The banshee may also appear in a variety of other forms, such as that of a hooded crow, stoat, hare and weasel - animals associated in Ireland with witchcraft.

Sunday, October 24, 2010

Faery Lore

Faerie are human in their appearance with an abundance of magickal powers. Their origins were purposely veiled over time by folklore that claims the Fae are both dead, a daemon or some kind of species independent of mere humans or sweet angels. Folklorists believe they were a conquered race who now disguise themselves and hide in plain sight. The enigma of the Fae exists today in various forms, though don't be deceived, these are not sweet angelic creatures. They are warriors with the ability to faery-glamour their prey into submission. Clever Fae, both male and female use their charm to become invisible when necessary or change their form to look as they please. They are cunning shape-shifters.

Another view held that the faeries were an intelligent species, distinct from humans and angels. In alchemy in particular they were regarded as elementals, such as gnomes and sylphs, as described by Paracelsus. This is uncommon in folklore, but accounts describing the faeries as "spirits of the air" are popular.

Fae are known for their malice to cows, sheep and other beasts who have succumbed to the healthy appetites of the faeries. For reasons known only to them they have stolen children and left changelings in their place. On occasion, the Fae have taken the very old, maybe for their wisdom and experience needed by the young faeries. You may need protection from the Fae if you give offense by traipsing through their lands, crushing fawn and fauna. Cold iron is poison to fairies, charms of rowan and herbs work if worn outside your clothes and a protection talisman may let you pass freely.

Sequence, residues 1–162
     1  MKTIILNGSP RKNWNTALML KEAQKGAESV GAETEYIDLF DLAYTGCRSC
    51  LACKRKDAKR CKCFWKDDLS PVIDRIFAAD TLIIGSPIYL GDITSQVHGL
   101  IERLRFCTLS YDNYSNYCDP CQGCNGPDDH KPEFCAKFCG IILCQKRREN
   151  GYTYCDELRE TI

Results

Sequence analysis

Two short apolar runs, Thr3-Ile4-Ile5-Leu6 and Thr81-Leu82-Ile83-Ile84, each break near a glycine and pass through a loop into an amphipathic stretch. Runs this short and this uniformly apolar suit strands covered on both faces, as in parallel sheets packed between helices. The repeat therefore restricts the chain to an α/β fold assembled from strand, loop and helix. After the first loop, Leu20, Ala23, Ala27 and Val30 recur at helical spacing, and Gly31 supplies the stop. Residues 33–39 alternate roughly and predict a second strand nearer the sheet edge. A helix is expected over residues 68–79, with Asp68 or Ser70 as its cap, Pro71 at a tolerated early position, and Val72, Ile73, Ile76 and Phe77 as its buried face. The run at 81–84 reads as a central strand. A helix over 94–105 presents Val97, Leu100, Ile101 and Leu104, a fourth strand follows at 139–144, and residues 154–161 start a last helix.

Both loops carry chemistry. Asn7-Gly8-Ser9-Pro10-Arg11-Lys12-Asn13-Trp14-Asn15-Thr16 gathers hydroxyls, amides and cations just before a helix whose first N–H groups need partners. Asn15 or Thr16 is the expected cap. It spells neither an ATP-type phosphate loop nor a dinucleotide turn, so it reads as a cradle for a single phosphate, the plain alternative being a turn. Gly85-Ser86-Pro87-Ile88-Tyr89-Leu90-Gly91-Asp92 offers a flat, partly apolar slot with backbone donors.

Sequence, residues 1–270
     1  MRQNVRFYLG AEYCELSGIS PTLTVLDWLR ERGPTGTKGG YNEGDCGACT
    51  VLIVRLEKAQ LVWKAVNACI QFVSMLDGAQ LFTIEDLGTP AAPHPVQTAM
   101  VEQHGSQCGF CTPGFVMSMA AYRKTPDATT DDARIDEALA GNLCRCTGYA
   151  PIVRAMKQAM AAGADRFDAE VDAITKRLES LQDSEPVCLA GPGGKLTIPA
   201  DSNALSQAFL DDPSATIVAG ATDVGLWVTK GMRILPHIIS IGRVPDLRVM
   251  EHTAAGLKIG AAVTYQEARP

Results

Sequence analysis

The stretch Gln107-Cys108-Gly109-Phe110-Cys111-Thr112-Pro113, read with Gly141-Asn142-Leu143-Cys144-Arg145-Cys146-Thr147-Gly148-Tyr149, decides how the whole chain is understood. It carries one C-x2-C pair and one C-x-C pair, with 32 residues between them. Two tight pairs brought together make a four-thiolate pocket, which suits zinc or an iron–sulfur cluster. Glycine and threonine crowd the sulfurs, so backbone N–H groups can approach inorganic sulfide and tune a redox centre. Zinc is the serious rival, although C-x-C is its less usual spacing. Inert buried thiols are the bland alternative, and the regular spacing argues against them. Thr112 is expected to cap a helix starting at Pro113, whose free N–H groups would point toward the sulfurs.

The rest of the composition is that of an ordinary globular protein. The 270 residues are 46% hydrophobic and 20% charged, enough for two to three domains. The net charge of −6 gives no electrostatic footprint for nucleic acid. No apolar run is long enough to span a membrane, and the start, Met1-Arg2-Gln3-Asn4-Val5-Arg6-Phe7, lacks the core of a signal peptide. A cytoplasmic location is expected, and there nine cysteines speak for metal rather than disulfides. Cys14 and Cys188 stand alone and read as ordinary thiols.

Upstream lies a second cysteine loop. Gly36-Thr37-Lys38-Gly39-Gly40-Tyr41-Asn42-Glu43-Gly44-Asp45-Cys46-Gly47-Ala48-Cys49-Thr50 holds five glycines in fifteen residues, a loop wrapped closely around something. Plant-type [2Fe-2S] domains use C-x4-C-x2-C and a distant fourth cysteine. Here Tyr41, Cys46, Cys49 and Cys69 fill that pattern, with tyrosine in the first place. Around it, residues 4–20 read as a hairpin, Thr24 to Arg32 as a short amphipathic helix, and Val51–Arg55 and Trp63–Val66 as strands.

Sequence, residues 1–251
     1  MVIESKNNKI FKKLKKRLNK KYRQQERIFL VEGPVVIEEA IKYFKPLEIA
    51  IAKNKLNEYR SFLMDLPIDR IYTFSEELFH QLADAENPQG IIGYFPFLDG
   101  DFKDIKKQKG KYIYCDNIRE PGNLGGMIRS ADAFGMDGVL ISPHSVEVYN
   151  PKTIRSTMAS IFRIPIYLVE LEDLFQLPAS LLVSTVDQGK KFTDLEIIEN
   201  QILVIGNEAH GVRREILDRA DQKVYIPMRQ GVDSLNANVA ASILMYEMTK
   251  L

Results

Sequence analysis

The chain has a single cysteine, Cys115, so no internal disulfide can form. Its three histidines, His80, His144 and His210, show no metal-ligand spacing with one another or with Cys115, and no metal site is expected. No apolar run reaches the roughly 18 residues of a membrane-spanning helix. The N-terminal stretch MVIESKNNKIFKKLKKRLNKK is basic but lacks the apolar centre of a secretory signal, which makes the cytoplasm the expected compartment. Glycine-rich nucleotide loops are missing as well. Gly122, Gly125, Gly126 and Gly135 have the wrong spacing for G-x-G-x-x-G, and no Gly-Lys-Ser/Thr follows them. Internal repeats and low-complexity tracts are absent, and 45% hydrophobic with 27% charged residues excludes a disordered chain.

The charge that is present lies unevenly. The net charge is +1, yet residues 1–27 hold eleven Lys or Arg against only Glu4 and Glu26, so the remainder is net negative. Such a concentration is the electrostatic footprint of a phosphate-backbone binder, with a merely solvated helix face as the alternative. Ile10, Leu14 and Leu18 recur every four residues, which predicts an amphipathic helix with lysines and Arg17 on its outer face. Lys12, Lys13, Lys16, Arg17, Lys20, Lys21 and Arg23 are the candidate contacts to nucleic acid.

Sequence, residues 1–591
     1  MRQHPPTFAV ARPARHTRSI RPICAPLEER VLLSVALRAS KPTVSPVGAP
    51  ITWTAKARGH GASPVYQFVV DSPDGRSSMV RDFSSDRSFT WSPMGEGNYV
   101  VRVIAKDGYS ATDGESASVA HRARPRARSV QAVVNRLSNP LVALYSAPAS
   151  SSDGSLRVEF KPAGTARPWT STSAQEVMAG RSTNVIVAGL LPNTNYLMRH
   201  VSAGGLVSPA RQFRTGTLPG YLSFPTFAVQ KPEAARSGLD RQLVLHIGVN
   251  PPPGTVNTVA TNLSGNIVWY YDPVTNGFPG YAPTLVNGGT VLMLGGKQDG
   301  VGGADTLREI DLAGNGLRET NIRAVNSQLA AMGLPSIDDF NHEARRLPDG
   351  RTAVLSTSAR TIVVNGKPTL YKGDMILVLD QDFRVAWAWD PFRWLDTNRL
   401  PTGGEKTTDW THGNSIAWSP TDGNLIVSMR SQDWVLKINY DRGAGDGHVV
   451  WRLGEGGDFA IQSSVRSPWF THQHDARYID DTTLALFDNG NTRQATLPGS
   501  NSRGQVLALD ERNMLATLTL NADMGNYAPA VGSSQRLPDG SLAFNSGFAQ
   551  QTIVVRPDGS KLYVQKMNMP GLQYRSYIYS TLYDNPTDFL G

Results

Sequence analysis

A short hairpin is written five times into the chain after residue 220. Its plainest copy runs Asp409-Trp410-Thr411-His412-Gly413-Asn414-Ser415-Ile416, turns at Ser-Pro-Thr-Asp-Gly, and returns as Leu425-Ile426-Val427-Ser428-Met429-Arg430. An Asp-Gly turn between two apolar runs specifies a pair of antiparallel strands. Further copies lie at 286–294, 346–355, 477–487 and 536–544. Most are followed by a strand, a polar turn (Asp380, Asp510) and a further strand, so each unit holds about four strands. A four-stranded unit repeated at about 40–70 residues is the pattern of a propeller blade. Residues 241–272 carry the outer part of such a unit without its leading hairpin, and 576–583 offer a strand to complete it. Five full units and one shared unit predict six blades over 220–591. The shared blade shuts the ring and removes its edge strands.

Reverend Robert Kirk, Minister of the Parish of Aberfoyle, Stirling, Scotland, wrote in 1691:
    "These Siths or Fairies they call Sleagh Maith or the Good People...are said to be of middle nature between Man and Angel, as were Daemons thought to be of old; of intelligent fluidous Spirits, and light changeable bodies (lyke those called Astral) somewhat of the nature of a condensed cloud, and best seen in twilight. These bodies be so pliable through the sublety of Spirits that agitate them, that they can make them appear or disappear at pleasure." ~The Secret Commonwealth of Elves, Fauns and Fairies~

Our culture depicts the Fae as young, sometimes winged, humanoids of small stature. Though originally artists and eye witnesses depicted the Fae much differently. A tall, radiantly statuesque being were written in journals for centuries. Wings, were added in Victorian art, but are rare in folklore. Most believed faeries flew with magick, and on the backs of insects and birds. Many artists today show faeries with insect wings or butterfly wings.